Over The Edge Scranton raises more than $50,000 for NeighborWorks
SCRANTON — Feet and fears were suspended 14 stories above Spruce Street Saturday as brave souls and intrigued spectators gathered at the Bank Towers building to benefit NeighborWorks Northeastern Pennsylvania.
The inaugural Over the Edge Scranton event, co-organized by NeighborWorks and Over The Edge, saw 50 fundraisers of $1,000 or more rappel 146 feet down the city’s tallest building in the name of charity, bringing in more than $66,000 from rappellers and sponsorships. Additional money was raised from on-site sales of parking, T-shirts, beverages and food trucks.
NeighborWorks board member John Cosgrove said the event raised the most money the organization has seen from a single benefit in 33 years.
The Reverend Jeff Walsh of Scranton is a former marathon runner who was looking for a new challenge.
“I’ve never done anything like this,” Walsh said. “I was going cold turkey. I learned how much core strength and upper body strength it takes to do this.”
Walsh said the experience was fantastic and the event was well coordinated for an organization that does important work in the community.
Asia Wallace of Taylor is a first-hand beneficiary of that work. NeighborWorks helped Wallace make a down payment and cover closing costs on her first house.
“It was such a blessing,” Wallace said.
Wallace, now an avid volunteer and advocate for NeighborWorks, was certified in the non-profit’s Home Buyer Education program.
“Now I’m a Realtor,” Wallace said. “I sell houses for Berkshire Hathaway in Clarks Summit.”
The event was festive, featuring several food trucks, a DJ and the Holy Cross high school cheerleading squad performing numbers between descents.
There was even a roped off area, dubbed “The Chicken Coop,” where fundraisers too afraid to rappel gathered.
Wallace wore a chicken hat and offered her full support but stayed on the ground.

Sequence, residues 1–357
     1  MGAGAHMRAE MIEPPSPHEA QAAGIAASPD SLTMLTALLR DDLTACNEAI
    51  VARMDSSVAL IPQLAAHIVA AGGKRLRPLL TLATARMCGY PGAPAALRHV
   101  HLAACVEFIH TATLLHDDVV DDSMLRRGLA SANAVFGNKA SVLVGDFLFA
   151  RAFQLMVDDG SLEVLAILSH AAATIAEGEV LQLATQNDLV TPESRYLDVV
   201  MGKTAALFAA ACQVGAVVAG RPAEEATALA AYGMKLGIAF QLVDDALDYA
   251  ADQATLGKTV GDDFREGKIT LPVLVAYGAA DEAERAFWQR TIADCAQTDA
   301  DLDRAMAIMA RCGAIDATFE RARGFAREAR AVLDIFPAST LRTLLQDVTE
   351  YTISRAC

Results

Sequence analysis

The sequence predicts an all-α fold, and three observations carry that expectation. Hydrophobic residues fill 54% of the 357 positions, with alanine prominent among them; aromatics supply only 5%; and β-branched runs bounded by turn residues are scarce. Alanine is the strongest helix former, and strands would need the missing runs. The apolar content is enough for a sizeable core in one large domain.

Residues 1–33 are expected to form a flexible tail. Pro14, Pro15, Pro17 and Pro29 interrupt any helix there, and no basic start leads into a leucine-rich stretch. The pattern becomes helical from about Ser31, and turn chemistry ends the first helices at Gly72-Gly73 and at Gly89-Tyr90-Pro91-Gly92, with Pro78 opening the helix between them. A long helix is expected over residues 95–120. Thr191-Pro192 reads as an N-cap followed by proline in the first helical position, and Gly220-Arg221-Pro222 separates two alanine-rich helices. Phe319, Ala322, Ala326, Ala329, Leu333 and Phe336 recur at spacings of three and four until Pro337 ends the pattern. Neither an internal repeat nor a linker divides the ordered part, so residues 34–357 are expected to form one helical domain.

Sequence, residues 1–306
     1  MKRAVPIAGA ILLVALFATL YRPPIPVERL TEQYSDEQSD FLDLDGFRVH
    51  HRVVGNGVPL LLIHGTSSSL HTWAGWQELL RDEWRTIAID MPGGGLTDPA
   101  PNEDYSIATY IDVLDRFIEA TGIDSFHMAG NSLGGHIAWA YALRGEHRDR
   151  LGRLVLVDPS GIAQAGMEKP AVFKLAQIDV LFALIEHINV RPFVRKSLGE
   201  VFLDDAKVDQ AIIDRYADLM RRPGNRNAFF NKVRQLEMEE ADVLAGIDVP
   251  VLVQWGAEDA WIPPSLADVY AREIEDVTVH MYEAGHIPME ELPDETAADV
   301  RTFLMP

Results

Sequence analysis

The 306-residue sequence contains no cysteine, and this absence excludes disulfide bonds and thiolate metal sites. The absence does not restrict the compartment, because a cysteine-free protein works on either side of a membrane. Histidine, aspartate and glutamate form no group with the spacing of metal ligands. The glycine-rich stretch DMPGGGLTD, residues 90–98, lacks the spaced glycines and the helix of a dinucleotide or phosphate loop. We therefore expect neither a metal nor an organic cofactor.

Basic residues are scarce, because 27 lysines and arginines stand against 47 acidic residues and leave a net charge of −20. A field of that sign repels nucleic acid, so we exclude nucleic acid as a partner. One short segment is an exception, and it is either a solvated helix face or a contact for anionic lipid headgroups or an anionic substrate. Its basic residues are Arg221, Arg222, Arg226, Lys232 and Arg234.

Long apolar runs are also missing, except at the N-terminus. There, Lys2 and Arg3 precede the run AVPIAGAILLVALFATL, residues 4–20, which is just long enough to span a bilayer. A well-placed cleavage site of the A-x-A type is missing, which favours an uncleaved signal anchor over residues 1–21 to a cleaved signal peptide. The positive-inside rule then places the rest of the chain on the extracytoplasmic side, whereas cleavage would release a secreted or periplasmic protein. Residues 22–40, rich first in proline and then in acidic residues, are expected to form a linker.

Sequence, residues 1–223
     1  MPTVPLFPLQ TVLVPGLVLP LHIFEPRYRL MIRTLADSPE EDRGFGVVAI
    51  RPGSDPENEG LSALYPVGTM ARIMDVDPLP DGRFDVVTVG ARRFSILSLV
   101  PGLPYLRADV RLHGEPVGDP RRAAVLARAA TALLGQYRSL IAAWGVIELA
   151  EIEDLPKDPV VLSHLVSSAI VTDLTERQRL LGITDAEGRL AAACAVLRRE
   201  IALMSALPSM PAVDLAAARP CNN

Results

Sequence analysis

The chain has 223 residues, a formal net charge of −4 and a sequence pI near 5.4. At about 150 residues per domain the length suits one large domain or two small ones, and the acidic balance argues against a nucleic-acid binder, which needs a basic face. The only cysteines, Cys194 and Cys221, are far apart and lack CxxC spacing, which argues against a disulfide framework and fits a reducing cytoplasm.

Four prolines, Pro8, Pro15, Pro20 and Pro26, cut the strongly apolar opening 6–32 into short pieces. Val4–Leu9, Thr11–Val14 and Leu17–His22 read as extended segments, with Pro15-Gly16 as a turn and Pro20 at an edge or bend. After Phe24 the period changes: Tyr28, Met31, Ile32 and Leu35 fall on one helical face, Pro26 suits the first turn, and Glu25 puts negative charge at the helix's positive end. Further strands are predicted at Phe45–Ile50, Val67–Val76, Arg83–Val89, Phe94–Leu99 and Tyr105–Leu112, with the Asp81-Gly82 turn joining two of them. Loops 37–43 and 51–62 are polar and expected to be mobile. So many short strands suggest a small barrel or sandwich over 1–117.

Tim Maloney of Scranton’s Green Ridge section took his courage to new heights with his wife, Samantha, and four children watching.
“I’ve done plenty of stupid things but nothing like this,” Maloney said. “I’d like to do it again.”
Samantha Maloney, reporting and compliance director for NeighborWorks, said it was awesome watching her husband scale down the building.
“The kids were excited,” she said. “I just hope they don’t try to mimic this at home.”
As rappellers confronted their nerves at various speeds, onlookers craned their necks to watch the action, snapping photos and taking video of friends and relatives.
One noteworthy spectacle was Laura Agostina of Scranton making her descent in full Wonder Woman regalia.
“It was one of those late night decisions,” she said. “I thought it would be fun to come down in costume.”
A sense of excitement permeated the atmosphere as adrenaline infused rappellers shed harnesses to discuss the experience with supporters.
NeighborWorks CEO Jesse Ergott had the vision to enlist Over The Edge in bringing a different type of benefit to Scranton.
“They were doing events in bigger cities, and we thought we could make it work here,” Ergott said. “We’ve exceeded our hopes for a first year event.”
The goal was to get people excited and bring energy to the downtown area, Ergott said.
“It’s nice to affirm that something like this can work in Scranton or Wilkes-Barre or anywhere in Northeastern Pennsylvania,” Ergott said.
Reach Matt Mattei at 570-991-6651 or Twitter @TLArts